Like Moses, we might start to think that we’re all by ourselves, and that we’re vastly outnumbered. And, like Moses, we’d be wrong! God told him, Certainly I will be with thee; and this shall be a token unto thee, that I have sent thee: When thou hast brought forth the people out of Egypt, ye shall serve God upon this mountain. All by yourself? Certainly not, says God, I will be with you! No excuses!
In Geneva, Switzerland, there stands a monument to the Reformation. On that monument is a plaque inscribed with the simple sentence, “One person, with God, is a majority.” It’s a good way to remember the Reformation, isn’t it? Martin Luther was only one Christian, sinful like the rest of us. But he stood against the Pope and the whole of corrupt Roman Catholicism when he said that salvation comes to us alone by grace, through faith in Jesus Christ. His courageous stand for the truth of the Gospel turned all of Europe inside out, and the world hasn’t been same since.
You are not by yourself. One person, with God, is a majority. As a confessing Christian, you may draw fire from the people around you. You may face obstacles as forbidding as the Red Sea was to Moses and the Israelites on their way out of Egypt. But God promises you the same blessing He promised Moses: “I will be with you.” In Isaiah, the Lord tells you, “When you pass through the waters, I will be with you; and through the rivers, they shall not overflow you. When you walk through the fire, you shall not be burned, nor shall the flame scorch you.” Isa 43:2.
But Moses had another excuse. He foresaw a certain problem that might come up when he went to take over the reins of his new office. Behold, he told the Lord, when I come unto the children of Israel, and shall say unto them, The God of your fathers hath sent me unto you; and they shall say to me, What is his name? what shall I say unto them? You’d understand the problem Moses was up against if you knew how many gods they had in Egypt. They worshipped Ra, the sun god; Osiris, the god of the dead; Amon, the supreme god of the universe; and all kinds of other major and minor deities to boot. There were so many gods, so many religions. It was all very confusing! What was Moses supposed to say when the Israelites asked which god had sent him to be their leader? And God said unto Moses, I AM THAT I AM: and he said, Thus shalt thou say unto the children of Israel, I AM hath sent me unto you.
Moses’ excuse was based on a false assumption—that there are many different gods, of which Jehovah was only one. But that’s no excuse. For there are not many different gods, the Lord told him, there is only one God. I AM that God! I’m the only God that IS, that truly exists. All other so-called “gods” are manmade and imaginary. They are idols. Men can fall down and worship them all they want; they have no power to help, because they simply don’t exist.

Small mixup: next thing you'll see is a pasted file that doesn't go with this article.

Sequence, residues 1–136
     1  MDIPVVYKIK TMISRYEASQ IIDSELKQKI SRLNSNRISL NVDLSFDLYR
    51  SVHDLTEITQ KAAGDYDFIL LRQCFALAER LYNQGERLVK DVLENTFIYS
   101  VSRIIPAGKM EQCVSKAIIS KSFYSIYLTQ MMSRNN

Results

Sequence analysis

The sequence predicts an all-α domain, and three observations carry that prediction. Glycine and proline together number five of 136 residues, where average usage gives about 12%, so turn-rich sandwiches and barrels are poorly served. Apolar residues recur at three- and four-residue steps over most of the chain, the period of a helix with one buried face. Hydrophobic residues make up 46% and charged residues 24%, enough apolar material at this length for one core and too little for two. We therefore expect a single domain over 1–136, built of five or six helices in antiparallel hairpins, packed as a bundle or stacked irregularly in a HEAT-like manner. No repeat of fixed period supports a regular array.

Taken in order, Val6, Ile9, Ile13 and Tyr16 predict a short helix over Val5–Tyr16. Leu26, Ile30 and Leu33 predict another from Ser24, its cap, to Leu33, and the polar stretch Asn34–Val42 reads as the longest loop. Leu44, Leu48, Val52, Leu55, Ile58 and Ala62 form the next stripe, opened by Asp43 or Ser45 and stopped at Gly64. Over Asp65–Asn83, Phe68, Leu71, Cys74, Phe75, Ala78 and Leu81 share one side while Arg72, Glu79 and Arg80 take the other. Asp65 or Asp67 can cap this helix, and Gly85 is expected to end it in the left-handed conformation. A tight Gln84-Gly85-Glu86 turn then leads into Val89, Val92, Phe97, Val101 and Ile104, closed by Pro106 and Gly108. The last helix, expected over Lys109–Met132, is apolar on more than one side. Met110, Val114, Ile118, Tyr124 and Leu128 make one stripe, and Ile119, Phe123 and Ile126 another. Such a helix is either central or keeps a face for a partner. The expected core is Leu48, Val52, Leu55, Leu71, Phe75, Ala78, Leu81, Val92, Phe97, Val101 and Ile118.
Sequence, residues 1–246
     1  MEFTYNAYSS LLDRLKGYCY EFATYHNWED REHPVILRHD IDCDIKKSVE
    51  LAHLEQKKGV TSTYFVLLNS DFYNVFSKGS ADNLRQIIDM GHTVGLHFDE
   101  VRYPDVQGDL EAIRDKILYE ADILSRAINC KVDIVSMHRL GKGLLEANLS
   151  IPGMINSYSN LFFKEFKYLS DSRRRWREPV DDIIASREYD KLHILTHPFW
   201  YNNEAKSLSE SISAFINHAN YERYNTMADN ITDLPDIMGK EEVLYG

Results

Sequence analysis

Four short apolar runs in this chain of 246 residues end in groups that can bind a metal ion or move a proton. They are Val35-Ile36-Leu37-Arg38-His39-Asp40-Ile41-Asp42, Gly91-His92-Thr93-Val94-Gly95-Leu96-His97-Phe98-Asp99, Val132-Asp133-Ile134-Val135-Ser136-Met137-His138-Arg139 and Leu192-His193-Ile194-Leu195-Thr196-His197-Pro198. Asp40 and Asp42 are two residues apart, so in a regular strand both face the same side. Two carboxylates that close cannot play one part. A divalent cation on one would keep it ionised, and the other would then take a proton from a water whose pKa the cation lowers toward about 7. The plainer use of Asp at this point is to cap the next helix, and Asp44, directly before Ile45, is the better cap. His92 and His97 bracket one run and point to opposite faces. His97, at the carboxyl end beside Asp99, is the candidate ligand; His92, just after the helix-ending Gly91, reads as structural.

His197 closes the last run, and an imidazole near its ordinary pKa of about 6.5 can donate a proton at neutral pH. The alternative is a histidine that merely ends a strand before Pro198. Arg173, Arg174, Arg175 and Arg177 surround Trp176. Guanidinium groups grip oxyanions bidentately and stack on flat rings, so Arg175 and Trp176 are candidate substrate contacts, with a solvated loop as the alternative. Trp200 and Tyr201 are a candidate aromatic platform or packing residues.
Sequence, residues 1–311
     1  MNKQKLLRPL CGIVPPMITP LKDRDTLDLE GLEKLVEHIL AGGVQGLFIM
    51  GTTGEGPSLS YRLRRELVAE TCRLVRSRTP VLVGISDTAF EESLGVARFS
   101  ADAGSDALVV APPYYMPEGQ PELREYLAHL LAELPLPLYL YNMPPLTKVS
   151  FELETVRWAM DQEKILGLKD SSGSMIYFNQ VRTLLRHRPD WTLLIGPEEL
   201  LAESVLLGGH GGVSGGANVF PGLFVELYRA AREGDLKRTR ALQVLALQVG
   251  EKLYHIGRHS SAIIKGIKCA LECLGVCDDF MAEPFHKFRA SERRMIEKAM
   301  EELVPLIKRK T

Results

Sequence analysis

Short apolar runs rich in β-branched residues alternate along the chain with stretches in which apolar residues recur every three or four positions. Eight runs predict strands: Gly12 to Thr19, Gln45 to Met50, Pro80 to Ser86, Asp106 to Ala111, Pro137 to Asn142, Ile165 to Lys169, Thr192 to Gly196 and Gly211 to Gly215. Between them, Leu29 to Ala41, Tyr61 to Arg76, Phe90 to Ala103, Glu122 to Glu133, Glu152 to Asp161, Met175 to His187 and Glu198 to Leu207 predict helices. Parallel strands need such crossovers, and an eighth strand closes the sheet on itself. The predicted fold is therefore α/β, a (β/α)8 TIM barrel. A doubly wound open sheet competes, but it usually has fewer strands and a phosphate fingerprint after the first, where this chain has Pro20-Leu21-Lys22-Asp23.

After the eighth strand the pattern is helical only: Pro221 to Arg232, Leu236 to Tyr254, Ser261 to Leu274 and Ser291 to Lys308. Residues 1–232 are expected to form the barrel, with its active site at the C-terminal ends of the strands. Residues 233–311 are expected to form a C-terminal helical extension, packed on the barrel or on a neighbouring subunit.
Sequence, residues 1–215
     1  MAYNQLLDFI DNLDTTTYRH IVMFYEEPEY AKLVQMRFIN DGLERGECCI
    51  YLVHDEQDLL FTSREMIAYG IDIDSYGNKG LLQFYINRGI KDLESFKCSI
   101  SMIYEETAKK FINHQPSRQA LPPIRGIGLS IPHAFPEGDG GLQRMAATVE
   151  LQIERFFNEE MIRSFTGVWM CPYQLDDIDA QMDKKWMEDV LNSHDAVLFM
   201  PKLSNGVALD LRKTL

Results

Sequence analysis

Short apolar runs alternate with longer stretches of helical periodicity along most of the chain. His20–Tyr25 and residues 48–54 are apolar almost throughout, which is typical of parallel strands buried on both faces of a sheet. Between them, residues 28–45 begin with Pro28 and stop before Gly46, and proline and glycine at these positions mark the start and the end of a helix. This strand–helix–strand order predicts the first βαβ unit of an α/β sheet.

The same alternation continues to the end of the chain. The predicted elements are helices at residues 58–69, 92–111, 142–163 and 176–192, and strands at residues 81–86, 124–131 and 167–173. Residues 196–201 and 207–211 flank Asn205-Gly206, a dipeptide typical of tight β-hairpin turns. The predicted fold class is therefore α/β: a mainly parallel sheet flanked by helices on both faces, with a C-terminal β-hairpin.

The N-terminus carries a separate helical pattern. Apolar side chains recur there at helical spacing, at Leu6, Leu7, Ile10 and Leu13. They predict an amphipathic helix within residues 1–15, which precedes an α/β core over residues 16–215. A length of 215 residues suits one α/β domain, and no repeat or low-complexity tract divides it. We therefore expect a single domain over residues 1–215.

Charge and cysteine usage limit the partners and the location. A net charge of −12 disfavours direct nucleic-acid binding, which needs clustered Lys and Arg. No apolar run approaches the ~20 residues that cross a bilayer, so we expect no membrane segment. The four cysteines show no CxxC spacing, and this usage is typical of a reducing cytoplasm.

You and I still worship that one true God today. And we still meet the opposition of people who think it’s too narrow-minded to say that ours is the only God, and that no other God exists. We still hear the excuse from people, “Well, just because we’re different religions doesn’t mean we can’t agree. After all, there are many different roads to the same God.” But that’s not true. Any god that isn’t the triune God of Scripture is no God at all. Any god that doesn’t include Jesus Christ is an idol, and idolatry leads not to heaven, but to hell. Jesus said, “I am the way, the truth, and the life. No man comes to the Father, but by Me.” Jesus Christ is this same, eternal Jehovah—the I AM God who identified Himself to Moses there at the burning bush.
An interesting thing happened once, during Jesus’ ministry on earth. The Pharisees asked Jesus to tell them specifically who He was. Jesus said, “Your father Abraham rejoiced to see My day, and he saw it and was glad.” Then the Jews said to Him, “You are not yet fifty years old, and have You seen Abraham?” Jesus said to them, “Most assuredly, I say to you, before Abraham was, I AM.” John 8:56-58. Well, as soon as Jesus said that, the Jews immediately became enraged; they flew right off the handle. In fact, they tried to kill Him right then and there! Why? Because when He used that name, “I AM”, He was identifying Himself as God.
“So many different religions—” That excuse is still very common today—you hear it all the time. “How can you know YOUR religion is the right one?” But as the Bible reveals, that’s no excuse. There aren’t many religions. There are really only two. All the false religions of the world, which teach that you are saved (at least in part) by something you do; and the one true religion—our religion!—in which you are saved alone by faith in what Jesus did for you. Thank heaven for your faith in that one true religion! By faith you know that Jesus bore your sins on the cross of Calvary. By faith you are can be certain that in His precious blood, all your sins have been washed away. By faith, you understand that Jesus’ resurrection from the dead assures you that you, too, will live forever in glory.
This blessed message of the Gospel is what lies at the heart of every single book of the Bible, and it’s what you’ll hear from this pulpit every Sunday of the year. There is only one true religion. And that religion never changes. Those basic truths don’t have to be “modernized” to fit the times, because the God we worship never changes. The writer to the Hebrews says, “Jesus Christ is the same yesterday, today, and forever.” Heb 13:8.
People change, it’s true. We’re weak and wavering at times. We’re like Moses: when our Christian duty calls, our human flesh will always be able to find excuses. “It’s not my job… I’m all by myself… There are so many religions… “ But God overrules each of these excuses. In Christ, He forgives our reluctant hearts, and shows us the real truth of the matter. It IS our job—to serve God with everything we’ve got! We’re NOT all by ourselves—He promises to be with us! There AREN’T many different religions—there’s only one true religion! God grant that we may be faithful to Him who is the eternal Cornerstone of that religion, Jesus Christ our Lord. In His saving name, AMEN.
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All scripture quotations, unless otherwise indicated, are taken from the King James Version.